A second study, published in September 2018, assessed side effects when a group of 30 healthy research dogs was given CBD oil. Different formulations were used and despite the differences, all dogs in the study developed diarrhea. Some also developed elevations in SAP, as in the first study. Overall, the CBD was considered to be well tolerated, but further research is required on the significance of the associated diarrhea and the increase in liver enzymes.
Recently (June 2019) a study was published examining CBD oil in combination with antiseizure drugs in dogs with difficult-to-treat epilepsy. One group received CBD-infused oil and the other a placebo. Seizure frequency decreased in the CBD oil group, but the results need further investigation. As in previous studies, SAP was elevated in many patients.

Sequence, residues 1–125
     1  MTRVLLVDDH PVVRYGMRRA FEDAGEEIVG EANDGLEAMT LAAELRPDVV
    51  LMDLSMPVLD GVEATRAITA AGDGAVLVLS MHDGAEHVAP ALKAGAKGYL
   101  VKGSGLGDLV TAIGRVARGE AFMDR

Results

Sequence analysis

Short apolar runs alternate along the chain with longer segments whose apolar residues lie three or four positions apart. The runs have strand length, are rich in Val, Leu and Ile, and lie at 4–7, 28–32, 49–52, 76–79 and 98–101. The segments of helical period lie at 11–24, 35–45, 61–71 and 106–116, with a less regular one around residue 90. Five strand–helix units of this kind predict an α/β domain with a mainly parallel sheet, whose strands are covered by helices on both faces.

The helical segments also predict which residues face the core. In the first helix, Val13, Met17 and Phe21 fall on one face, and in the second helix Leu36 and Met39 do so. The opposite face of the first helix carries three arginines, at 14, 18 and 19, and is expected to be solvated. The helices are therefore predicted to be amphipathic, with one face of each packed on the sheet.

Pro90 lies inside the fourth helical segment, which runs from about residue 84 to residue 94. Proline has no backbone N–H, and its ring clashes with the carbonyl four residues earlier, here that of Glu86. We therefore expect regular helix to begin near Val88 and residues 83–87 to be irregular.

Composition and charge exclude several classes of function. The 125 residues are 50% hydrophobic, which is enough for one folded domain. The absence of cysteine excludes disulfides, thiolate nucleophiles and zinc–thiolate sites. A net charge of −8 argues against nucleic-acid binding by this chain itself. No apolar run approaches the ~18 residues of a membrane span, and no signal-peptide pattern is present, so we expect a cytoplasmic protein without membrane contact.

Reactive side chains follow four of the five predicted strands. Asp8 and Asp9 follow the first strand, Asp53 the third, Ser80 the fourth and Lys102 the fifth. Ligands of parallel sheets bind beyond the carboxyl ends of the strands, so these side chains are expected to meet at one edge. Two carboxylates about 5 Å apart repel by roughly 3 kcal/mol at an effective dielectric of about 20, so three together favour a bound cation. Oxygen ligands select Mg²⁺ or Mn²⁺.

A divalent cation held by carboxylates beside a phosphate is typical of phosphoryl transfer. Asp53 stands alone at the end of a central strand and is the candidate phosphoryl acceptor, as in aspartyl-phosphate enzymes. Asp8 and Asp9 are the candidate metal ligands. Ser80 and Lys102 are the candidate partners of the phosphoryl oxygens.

The American Veterinary Medical Association is currently actively promoting controlled trials of cannabinoid use. It also works with the FDA to encourage the development of veterinary-specific products. Government veterinarians are also making strides in tackling the sudden glut of products and claims.
Veterinarians and “legal” CBD products
There is not a single one drug contains CBD, which is approved for use on animals by the US Food & Drug Administration (FDA).